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AKA: sea mullet, whiting, Virginia mullet, roundhead

Description: The three kingfish species in North Carolina waters, combined here in one profile, are all medium-sized fish with slender bodies and backs that appear slightly elevated. The southern kingfish are the most abundant of the three in North Carolina. They have a cone-shaped snout, a small mouth and a single rigid barb on the chin. Body color varies with the habitat, generally silvery gray on top, sometimes black and white below with dusky markings on the side often in the form of seven to eight dark bars. Juveniles are darker than adults.

Size: Kingfish grow to 18 inches, but catches average at about 11 inches.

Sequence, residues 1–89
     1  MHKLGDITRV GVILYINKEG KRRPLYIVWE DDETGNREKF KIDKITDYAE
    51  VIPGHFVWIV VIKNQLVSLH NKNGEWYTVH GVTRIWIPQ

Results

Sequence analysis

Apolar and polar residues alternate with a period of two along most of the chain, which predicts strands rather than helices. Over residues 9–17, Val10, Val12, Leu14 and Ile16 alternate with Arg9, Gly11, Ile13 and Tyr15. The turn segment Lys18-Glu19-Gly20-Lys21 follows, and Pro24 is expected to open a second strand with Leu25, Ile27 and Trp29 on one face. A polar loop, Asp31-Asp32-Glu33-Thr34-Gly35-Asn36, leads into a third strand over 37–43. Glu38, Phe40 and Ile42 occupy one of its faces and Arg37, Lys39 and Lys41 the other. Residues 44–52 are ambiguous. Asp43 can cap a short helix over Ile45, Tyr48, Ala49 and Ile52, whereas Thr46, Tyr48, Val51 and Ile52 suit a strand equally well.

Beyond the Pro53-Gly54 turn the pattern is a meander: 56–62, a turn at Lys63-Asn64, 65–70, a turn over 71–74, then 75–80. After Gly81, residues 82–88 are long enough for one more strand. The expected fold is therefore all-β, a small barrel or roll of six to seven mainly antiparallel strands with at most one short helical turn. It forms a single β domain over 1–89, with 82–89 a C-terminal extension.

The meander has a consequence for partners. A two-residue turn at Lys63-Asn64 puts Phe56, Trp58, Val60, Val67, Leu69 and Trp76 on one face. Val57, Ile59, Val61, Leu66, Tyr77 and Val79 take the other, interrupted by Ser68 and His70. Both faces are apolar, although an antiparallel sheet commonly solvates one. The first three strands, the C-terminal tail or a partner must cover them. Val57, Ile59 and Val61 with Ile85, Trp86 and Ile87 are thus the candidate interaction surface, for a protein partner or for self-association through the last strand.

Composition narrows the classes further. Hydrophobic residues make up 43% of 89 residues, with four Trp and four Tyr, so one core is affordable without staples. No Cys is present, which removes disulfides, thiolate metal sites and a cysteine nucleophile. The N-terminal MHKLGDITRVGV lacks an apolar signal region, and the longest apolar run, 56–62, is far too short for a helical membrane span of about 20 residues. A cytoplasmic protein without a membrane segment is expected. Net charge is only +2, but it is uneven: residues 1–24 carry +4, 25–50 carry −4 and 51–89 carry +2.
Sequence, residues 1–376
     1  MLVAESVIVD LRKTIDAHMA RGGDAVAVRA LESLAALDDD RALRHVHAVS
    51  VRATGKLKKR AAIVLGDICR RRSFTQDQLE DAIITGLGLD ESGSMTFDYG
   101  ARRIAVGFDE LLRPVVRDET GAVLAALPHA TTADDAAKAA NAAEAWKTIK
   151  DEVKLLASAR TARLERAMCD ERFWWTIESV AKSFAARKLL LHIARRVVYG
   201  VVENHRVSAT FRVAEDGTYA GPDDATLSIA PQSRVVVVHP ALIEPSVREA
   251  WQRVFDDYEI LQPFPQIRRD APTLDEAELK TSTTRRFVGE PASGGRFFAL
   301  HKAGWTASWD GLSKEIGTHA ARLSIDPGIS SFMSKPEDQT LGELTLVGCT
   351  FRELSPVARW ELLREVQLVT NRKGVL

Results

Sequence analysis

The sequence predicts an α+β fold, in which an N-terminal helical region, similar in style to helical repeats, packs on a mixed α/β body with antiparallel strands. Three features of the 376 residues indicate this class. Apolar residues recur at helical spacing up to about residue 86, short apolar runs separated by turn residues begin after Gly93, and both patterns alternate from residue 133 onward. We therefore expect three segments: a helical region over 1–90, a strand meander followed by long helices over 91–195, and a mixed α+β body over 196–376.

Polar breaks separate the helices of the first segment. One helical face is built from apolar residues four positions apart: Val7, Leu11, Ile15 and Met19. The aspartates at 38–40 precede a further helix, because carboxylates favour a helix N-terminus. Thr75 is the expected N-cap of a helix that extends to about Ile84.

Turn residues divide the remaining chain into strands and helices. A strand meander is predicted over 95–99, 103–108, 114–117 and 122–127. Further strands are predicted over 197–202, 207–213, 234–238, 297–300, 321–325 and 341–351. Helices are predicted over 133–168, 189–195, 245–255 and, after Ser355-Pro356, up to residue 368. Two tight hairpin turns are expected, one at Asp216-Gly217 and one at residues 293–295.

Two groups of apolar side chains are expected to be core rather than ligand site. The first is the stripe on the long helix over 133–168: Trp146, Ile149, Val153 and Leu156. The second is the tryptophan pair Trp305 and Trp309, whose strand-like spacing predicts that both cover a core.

Sometimes confused with: Atlantic croaker

Habitat: Kingfish range from Cape Cod, Mass., to Texas and may be found in the estuaries or the ocean on muddy and sandy bottoms.

Eating habits: Kingfish are bottom feeders that consume various shrimp, crabs and other crustaceans, as well as worms and small fish.

Life cycle: Kingfish mature around age 1 and spawn offshore from April to October. Wind and water currents carry the larvae through the inlets into the upper reaches of the estuarine nursery areas for food and shelter.

Fishing tips: Anglers catch kingfish from piers, jetties and boats in the nearshore ocean, usually with two-hook bottom rigs baited with shrimp, mole crabs, bloodworms or squid. Anglers also use jigs or spec rigs to catch kingfish. Kingfish are often caught while fishing for weakfish.

N.C. Saltwater Fishing Tournament

Award for harvest of fish, 2 pounds or greater.

See the list of weigh stations


Persons engaged in recreational fishing in North Carolina coastal waters are required to possess a Coastal Recreational Fishing License in accordance with G.S. 113-174.2.

Current Proclamations

Recreational Size and Bag Limits

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